My name is Dr. Maureen Wanjiku Kamau, and I am a veterinary research fellow in one health for the Global Health Program. I am based in my home country of Kenya, where I treat sick and injured wildlife, and conduct research and scientific training.
I currently lead a study on wild eastern black rhinos (Diceros bicornis michaeli). Kenya remains a stronghold for this iconic yet critically endangered African land mammal. In fact, our country hosts 84% of the world’s remaining wild population.
Great strides in conservation have resulted in the gradual recovery of Kenya’s black rhinos from less than 400 individuals in the late 1980s to 696 at the end of 2016. Intensive anti-poaching efforts have also reduced the number of poached black rhinos to less than 1% each year. But there’s still more to learn about saving this species.
Conservationists believe that reproductive drivers, such as hormones, are key to understanding black rhino population growth. In the region of Kenya where I work, they have observed that some female rhinos have many more babies than others do.
To understand this phenomenon, they are turning to hormones for clues. This is where our endocrinology study comes in; endocrinology is the branch of biology and medicine that deals with the endocrine system, which regulates hormones.
We want to know how variations in hormones relate to a rhino’s reproductive output — in other words, how changes in hormone levels, timing or cycling affect whether a rhino has babies at an expected rate.
To find out, we’re focusing on female black rhinos at Ol Jogi Wildlife Conservancy in Kenya. And we’re using a completely noninvasive way to monitor their hormones: poop!
We can monitor reproductive hormones, called progestogens, without disturbing the rhinos by collecting and analyzing samples of their dung. Looking at these hormones over time gives us a picture of a normal reproductive cycle. We can also look for any abnormalities or variations, which could help us better manage and optimize rhino reproduction.
Our goal is to collect data on 17 breeding females using dung samples collected at least twice a week for a whole year. Rhinos at Ol Jogi have ear notches and some are fitted with transmitters, which helps us identify and monitor specific animals.
With the invaluable assistance of Jamie Gaymer, the conservation manager at Ol Jogi, we conducted a hands-on training session with rangers who will collect the rhino fecal samples each week. We used a “train the trainer” approach, training four rangers who then trained another seven.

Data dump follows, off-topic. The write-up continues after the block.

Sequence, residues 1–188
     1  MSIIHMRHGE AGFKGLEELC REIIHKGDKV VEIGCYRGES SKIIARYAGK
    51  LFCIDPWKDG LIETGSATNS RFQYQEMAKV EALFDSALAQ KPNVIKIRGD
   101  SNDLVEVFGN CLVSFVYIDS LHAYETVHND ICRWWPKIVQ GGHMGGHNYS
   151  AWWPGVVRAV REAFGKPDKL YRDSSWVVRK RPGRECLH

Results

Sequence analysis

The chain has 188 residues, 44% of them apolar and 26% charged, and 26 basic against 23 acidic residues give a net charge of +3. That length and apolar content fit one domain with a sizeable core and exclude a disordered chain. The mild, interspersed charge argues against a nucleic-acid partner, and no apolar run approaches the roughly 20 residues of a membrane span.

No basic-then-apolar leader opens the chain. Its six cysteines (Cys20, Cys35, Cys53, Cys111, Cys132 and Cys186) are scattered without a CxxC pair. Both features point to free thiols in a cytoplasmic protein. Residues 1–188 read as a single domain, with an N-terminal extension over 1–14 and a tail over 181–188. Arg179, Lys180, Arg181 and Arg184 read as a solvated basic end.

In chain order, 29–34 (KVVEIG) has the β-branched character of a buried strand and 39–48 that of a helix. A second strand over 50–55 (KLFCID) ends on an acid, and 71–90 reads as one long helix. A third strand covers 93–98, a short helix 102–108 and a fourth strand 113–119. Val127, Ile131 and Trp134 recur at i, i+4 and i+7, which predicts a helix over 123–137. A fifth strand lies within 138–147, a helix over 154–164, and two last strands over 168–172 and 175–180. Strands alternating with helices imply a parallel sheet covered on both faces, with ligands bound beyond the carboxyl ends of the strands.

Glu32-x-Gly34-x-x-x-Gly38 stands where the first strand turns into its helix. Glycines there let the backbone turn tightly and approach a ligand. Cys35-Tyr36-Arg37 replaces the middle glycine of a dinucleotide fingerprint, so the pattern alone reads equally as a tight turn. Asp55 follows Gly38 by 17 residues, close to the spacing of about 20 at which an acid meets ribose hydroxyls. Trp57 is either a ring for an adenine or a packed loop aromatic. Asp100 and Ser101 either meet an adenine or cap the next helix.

The rangers have started collecting samples from just six rhinos, which will allow us to troubleshoot any challenges before including more rhinos in the study. We will also conduct refresher training sessions in the coming weeks.
The rangers know firsthand that there’s nothing like the smell of fresh rhino poop in the morning. Their daily monitoring begins at dawn, which happens to coincide with the rhinos’ first bowel movements of the day. They collect the rhino dung samples in plastic bags, which are kept cool while they work.
We then store the samples in freezers to protect the sensitive hormones (progestogen metabolites) until we are ready to analyze them. Our approach not only contributes to the conservation management of the eastern black rhino, but also provides a more active research role for Ol Jogi management and rhino rangers who have been instrumental to the security and well-being of this critically endangered animal.
The study contributes to the capacity building of local collaborators, which is at the heart of the Global Health Program, and serves as a pilot that can be duplicated across other Kenyan reserves. The information we uncover will also be assessed in tandem with other studies geared toward securing suitable rhino habitat for population expansion, with the ultimate goal of strengthening wild rhino populations.
I look forward to sharing more of our rhino research in the months ahead. Stay tuned for updates.
Generous core support for the Global Health Program’s training program is provided by the Morris Animal Foundation and Dennis and Connie Keller.